Provost approves funding for 24-hour library floor


Diana Colapietro

The first floor of St. Augustine Hall has received funding necessary to be open 24/7.

Do you need to study in the library at 3 a.m.? Now, it’s possible.

The University’s Provost, Robert A. Mangione, approved the funding necessary to keep the quiet study area of the first floor of St. Augustine Hall open 24/7 for the rest of the 2013-14 academic year, according to Theresa Maylone, the dean of University libraries.

Maylone added that the funds, costing $35,000, provides Public Safety with the oversight of the study space until May 13, 2014.

“We are all—and especially the library—looking forward to an open consideration of this very important resource for all students on the Queens campus,” she said. “We are eager to provide the 24/7 study space that is so obviously needed and desired this year.”

Although a decision has been made for the rest of this academic year, the question of whether this is the appropriate location to house students for 24/7 study space is far from gone. The Library will continue to discuss with the Provost’s Office, Student Government, Inc., Public Safety and other facility services about the future and effectiveness of this study space over the course of the next seven months, according to Maylone.

Maylone stressed that the issue leads to a broader question campus-wide, and the approval now gives administrators a chance to look at this resource more closely and effectively.

“We do need, though, to evaluate whether this space is truly the most appropriate one based on our experiences this year with actual use, and hopefully with other means of assessment which we would want to undertake with representative student input,” she said.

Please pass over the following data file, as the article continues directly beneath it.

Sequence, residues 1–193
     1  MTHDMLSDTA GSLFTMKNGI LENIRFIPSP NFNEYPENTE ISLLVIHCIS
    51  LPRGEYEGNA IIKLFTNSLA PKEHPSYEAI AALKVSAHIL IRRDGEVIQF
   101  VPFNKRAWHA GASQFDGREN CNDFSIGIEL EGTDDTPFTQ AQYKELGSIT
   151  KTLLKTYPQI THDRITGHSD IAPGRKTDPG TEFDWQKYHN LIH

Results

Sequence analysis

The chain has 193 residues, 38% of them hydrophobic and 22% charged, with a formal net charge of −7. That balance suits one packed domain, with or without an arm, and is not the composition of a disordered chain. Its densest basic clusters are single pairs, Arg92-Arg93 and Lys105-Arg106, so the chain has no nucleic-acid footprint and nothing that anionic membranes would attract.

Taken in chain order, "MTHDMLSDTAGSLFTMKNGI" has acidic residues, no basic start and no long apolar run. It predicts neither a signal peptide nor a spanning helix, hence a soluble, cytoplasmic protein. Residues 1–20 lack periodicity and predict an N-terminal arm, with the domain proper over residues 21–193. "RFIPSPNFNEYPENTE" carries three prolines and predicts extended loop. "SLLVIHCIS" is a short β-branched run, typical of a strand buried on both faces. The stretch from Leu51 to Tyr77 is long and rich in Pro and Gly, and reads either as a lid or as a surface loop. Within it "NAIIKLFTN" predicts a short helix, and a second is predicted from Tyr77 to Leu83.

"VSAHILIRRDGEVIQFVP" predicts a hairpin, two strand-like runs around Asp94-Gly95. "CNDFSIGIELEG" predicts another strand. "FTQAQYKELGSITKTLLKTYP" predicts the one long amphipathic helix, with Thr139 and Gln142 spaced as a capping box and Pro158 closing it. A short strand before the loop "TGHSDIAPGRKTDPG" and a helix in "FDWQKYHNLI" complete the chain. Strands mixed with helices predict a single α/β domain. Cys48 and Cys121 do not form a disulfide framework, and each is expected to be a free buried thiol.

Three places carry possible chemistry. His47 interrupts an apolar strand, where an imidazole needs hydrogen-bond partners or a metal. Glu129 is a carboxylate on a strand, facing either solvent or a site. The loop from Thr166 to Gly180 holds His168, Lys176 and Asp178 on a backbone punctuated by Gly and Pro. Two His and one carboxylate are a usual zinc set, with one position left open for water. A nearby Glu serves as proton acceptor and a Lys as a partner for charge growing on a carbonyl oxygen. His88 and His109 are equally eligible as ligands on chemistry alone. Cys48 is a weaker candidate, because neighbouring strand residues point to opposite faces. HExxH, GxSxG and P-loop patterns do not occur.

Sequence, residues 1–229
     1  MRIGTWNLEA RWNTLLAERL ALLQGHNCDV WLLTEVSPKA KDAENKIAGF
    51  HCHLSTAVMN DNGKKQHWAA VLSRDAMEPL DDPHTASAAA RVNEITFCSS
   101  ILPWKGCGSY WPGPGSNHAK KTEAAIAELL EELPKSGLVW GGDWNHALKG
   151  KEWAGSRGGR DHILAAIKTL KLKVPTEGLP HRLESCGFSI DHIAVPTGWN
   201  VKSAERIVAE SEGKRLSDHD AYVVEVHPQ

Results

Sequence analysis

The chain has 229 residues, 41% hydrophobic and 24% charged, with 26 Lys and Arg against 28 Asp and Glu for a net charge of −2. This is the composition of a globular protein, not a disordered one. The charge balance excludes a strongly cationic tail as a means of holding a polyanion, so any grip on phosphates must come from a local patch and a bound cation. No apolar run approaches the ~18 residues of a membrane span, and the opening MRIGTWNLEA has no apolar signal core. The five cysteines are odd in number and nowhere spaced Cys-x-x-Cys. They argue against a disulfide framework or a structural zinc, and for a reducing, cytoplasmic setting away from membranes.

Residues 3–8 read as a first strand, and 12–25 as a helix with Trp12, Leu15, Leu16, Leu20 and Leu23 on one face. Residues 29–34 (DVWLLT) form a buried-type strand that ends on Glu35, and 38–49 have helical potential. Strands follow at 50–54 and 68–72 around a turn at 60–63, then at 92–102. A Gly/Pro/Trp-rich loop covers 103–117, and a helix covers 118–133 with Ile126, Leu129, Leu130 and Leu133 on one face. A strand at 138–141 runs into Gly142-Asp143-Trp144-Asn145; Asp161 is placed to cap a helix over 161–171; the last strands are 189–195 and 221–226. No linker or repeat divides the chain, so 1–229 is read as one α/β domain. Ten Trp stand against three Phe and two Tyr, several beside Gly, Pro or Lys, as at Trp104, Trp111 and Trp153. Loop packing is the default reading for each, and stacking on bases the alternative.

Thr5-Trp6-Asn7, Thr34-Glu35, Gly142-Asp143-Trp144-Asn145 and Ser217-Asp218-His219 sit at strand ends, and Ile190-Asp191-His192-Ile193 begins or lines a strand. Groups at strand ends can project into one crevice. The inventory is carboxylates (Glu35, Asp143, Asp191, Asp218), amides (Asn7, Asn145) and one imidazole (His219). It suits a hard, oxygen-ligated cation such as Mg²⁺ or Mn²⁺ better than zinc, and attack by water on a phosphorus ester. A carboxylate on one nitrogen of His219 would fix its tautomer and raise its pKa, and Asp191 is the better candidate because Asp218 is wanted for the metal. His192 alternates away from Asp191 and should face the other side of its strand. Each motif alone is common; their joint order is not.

Maylone gave an example of the University opening up Montgoris Dining Hall in 2009 for late-night study sessions, and how it did not work.

“That wasn’t right,” she said. “No one wants to sit in those plastic chairs to study. The kind of study environment that students want and need is more of an appropriate question.”

In the near future, the second floor of the library will be become the home of the College of Professional Studies.  With these renovations being made, Dean Maylone also shared that many other schools address the issue of study space when undergoing renovations as well.

A few years ago, the Manhattan campus opened a section of its library that could be open and used 24/7. Now that a location has been chosen for the 2013-14 academic year, it buys administration time to open up conversations about where a
permanent location might be campus-wide.

In regards to the future, Maylone doesn’t see the need for such a space dying down. The University recognizes the amount of students who both work and go to school or who are a part of the pharmacy program, that need quiet space at all hours of the night.

“I don’t think that there will be any time in the foreseeable future that such space will not be needed—we simply need to do the best job possible in making it the best and most
appropriate space,” she said.